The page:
(Image source: Haven Life.)
Haven Life, the New York-based life insurance online, direct distribution startup owned by MassMutual (Springfield, Mass.), has reached the third anniversary of its debut on the market. Haven Life CEO Yaron Ben-Zvi marked the milestone by noting that the company had seen a 250 percent increase over the past year (April 2017 to April 2018) in the number of policyholders for the agency’s Haven Life Term policy, underwritten by the parent company. He also noted that 70 percent of Haven Life’s customers are comfortable enough with the application process to complete it without reaching out to the company’s support team. Ben-Zvia also reported that Millennial women who buy the company’s term policy select coverage of 7.9 times their annual income, and men 6.8 times. Insurance Innovation Reporter has been following Haven Life’s trajectory, as what we see as an important digital distribution play by a major life insurer. We thought the anniversary was a fine opportunity to reconnect with John Latona, the company’s General Manager, with whom we’ve interacted in the past.
Insurance Innovation Reporter: John, tell us a little bit about Haven Life came about and what it was trying to achieve.
John Latona, General Manager, Haven Life: Haven Life came out of our Yaron’s experience as a consumer buying life insurance. He had founded several startups and was shocked at how difficult and long the life insurance purchasing process was. In his thinking about it, he bore in mind that this is one of few products where you don’t know if you’ll get the product at beginning of process or how much it will cost. MassMutual recognized this was an area that needed development and work, and so the challenge in year one was whether we could build a transactional platform for selling life insurance.
IIR: The three-year anniversary is to the date when Haven Life launched in the market, in May 2015. When did the initiative to create the distribution platform begin, and what were the objectives?
JL: The project started in March 2014. Yaron’s challenge was how to create an experience for this product that people should have—individual life insurance—but the purchasing of which has declined since the 1960s. The opportunity was to turn that around, using technology to create a purchasing experience that was as easy and frictionless as possible. Our mission hasn’t really changed, and I think the progress we’ve made has been noteworthy. We faced a challenge early on because this is not just about changing the purchasing experience but also about changing the relationship between insurance company and customer, but we’ve started to make traction in that area as well.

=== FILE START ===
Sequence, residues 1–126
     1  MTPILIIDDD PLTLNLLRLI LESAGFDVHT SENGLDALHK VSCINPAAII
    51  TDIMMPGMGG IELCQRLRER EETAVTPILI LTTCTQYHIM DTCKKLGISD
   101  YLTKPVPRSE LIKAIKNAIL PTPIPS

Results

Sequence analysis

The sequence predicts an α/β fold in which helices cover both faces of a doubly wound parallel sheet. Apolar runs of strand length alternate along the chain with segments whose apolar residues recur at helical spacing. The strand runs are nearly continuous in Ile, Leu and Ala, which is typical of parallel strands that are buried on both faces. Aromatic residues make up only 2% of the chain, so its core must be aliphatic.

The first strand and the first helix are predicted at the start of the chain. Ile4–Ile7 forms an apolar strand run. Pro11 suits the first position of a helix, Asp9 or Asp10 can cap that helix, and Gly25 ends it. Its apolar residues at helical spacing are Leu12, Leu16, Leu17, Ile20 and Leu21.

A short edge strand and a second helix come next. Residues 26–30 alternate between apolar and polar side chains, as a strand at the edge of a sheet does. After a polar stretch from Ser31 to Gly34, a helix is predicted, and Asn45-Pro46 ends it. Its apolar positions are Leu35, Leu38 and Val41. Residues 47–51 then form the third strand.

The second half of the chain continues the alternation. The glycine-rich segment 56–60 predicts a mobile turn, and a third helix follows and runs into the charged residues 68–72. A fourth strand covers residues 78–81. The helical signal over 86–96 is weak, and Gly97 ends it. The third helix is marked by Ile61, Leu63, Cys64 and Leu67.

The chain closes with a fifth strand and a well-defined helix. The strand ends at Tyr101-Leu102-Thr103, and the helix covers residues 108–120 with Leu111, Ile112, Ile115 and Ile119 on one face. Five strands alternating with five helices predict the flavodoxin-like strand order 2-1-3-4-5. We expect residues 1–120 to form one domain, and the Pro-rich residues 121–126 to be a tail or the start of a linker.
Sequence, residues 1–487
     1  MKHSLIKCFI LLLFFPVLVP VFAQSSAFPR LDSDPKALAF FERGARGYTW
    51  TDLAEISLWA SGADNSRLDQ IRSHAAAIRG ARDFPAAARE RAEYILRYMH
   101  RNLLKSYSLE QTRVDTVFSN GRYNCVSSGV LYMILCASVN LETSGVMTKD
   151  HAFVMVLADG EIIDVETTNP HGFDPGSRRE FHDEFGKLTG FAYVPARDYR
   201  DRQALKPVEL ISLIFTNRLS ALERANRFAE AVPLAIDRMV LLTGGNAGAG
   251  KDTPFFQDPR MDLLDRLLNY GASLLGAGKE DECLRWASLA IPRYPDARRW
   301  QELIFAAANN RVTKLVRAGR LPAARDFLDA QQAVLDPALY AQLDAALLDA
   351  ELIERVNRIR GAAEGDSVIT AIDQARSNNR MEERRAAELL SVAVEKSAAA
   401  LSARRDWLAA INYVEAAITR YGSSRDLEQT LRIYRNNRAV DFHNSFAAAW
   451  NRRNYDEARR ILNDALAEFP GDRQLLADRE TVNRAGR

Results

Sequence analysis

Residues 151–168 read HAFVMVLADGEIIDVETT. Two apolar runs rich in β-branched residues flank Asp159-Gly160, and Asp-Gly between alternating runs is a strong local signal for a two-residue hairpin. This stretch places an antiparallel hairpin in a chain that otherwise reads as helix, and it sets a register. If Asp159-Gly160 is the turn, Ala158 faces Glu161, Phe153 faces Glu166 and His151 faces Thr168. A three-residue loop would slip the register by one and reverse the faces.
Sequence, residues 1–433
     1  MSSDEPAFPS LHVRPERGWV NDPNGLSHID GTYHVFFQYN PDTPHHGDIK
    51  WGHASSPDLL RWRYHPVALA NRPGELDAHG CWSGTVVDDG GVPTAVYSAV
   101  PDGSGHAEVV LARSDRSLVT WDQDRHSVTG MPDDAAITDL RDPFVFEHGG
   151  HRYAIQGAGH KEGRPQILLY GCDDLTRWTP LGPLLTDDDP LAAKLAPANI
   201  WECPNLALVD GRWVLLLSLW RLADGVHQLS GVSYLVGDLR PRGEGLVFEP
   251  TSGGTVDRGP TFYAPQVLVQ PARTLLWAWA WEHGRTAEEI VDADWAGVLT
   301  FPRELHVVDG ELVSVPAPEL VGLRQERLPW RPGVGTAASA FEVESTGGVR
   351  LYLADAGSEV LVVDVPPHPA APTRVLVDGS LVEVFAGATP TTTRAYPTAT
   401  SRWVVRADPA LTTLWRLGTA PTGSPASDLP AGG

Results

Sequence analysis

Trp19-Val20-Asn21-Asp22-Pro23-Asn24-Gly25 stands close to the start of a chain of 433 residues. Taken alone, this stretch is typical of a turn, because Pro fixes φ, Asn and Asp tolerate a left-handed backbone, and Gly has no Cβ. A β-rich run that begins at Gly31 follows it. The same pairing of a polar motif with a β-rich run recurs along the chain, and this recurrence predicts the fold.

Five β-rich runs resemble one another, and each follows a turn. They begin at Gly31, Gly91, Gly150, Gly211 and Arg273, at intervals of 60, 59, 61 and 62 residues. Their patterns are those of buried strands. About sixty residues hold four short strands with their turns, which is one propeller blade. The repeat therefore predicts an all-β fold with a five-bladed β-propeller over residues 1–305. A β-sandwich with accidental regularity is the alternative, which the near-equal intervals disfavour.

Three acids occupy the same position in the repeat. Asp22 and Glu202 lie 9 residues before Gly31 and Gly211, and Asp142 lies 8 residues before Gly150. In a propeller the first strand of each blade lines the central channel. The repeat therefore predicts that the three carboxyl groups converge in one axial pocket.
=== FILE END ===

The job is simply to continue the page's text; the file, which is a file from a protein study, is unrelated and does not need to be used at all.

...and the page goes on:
IIR: Tell us about some of the progress with regard to customers and the markets you serve.
JL: When Haven Life launched, we could only sell a policy to someone up to age 45. We’ve been able to extend that to age 65. We started offering the term life product in Massachusetts and have since opened up to all the states, the final one being California in Sept. 2017.
IIR: What are some of the improvements Haven Life has made since opening for business?
JL: We’re an Agile shop and constantly making improvements. One of our more important improvements recently was our Oct. 2017 redesign to improve transparency and ease for the consumer. For our Instant Term—our expedited underwriting process which enables some people to get a policy without a medical exam—we’ve reduced an application that had 60 to 80 questions to about 27 questions. Using reflective options, we’re able to ping data sources and ask follow-up reflective decisions and get a decision instantly.
We have also is refined prescription history. To illustrate, Zofran, an anti-nausea medication, could be prescribed to pregnant women, cancer patients or people with ear infections. Depending on which, it may have implications for underwriting a policy, and figuring that out creates friction in the process. To address that, we ask reflexive questions in real time in response to someone telling us that they’ve taken a given drug. In the case of Zofran, if we ask why it was taken and the answer is, “I was pregnant,” we know we don’t have to stop the process at that point. We’ve done that with a number of drugs.
IIR: You mentioned the challenge of changing the relationship between insurance company and customer; could you elaborate?
JL: From day one we recognized an opportunity not only to make process easier, but to engage consumers. We have no illusions that we’ll be a lifestyle brand, but at same time, there needs to be perhaps more personal relationship for someone you’re counting on to take care of your family if you’re not around to do it. That’s always been in our DNA but we’ve been limited to our ability to execute. One of the things we did is to launch an app not for insurance processes, but that would individuals in 911 situations to make it much easier to call and translate exactly where they were from their smart phone. We give away to anyone who wants it, not just policyholders. You could call that the first dip of our toe into the water, as to how we bring more engagement to consumers. We’re happy with that initiative, which launched in Oct. 2017.
IIR: What would you say in general about how the Haven Life experiment—if I can call it that—is working out? How are you doing?
JL: I think we’re doing great. From the past year to the three year we grew 250 percent. We’re growing from a staffing perspective. I was the number 3 employee and we’ve grown to 140! I think the innovations we’ve developed to do all these things, and we’re finding more uses within MassMutual as well. So yes, we were founded to serve the self-directed customer, but the innovations we’re developing are going back into MassMutual.